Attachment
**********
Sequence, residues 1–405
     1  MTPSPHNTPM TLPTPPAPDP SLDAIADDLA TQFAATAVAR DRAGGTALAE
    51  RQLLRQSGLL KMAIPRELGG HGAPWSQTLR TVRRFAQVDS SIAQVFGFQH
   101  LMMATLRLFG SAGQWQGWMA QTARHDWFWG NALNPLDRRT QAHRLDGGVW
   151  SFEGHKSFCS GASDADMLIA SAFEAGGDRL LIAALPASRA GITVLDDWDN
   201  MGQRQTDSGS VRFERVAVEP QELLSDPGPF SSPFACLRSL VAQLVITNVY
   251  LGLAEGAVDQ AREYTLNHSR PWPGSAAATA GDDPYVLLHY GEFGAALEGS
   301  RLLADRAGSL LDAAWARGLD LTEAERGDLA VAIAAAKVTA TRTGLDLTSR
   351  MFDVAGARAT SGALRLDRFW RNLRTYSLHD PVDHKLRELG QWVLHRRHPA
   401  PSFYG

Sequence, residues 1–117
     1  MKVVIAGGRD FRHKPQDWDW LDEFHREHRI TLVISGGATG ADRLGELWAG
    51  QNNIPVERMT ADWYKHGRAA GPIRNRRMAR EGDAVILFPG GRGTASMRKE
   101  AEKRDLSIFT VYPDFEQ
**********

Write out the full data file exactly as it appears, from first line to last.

Sequence, residues 1–405
     1  MTPSPHNTPM TLPTPPAPDP SLDAIADDLA TQFAATAVAR DRAGGTALAE
    51  RQLLRQSGLL KMAIPRELGG HGAPWSQTLR TVRRFAQVDS SIAQVFGFQH
   101  LMMATLRLFG SAGQWQGWMA QTARHDWFWG NALNPLDRRT QAHRLDGGVW
   151  SFEGHKSFCS GASDADMLIA SAFEAGGDRL LIAALPASRA GITVLDDWDN
   201  MGQRQTDSGS VRFERVAVEP QELLSDPGPF SSPFACLRSL VAQLVITNVY
   251  LGLAEGAVDQ AREYTLNHSR PWPGSAAATA GDDPYVLLHY GEFGAALEGS
   301  RLLADRAGSL LDAAWARGLD LTEAERGDLA VAIAAAKVTA TRTGLDLTSR
   351  MFDVAGARAT SGALRLDRFW RNLRTYSLHD PVDHKLRELG QWVLHRRHPA
   401  PSFYG

Sequence, residues 1–117
     1  MKVVIAGGRD FRHKPQDWDW LDEFHREHRI TLVISGGATG ADRLGELWAG
    51  QNNIPVERMT ADWYKHGRAA GPIRNRRMAR EGDAVILFPG GRGTASMRKE
   101  AEKRDLSIFT VYPDFEQ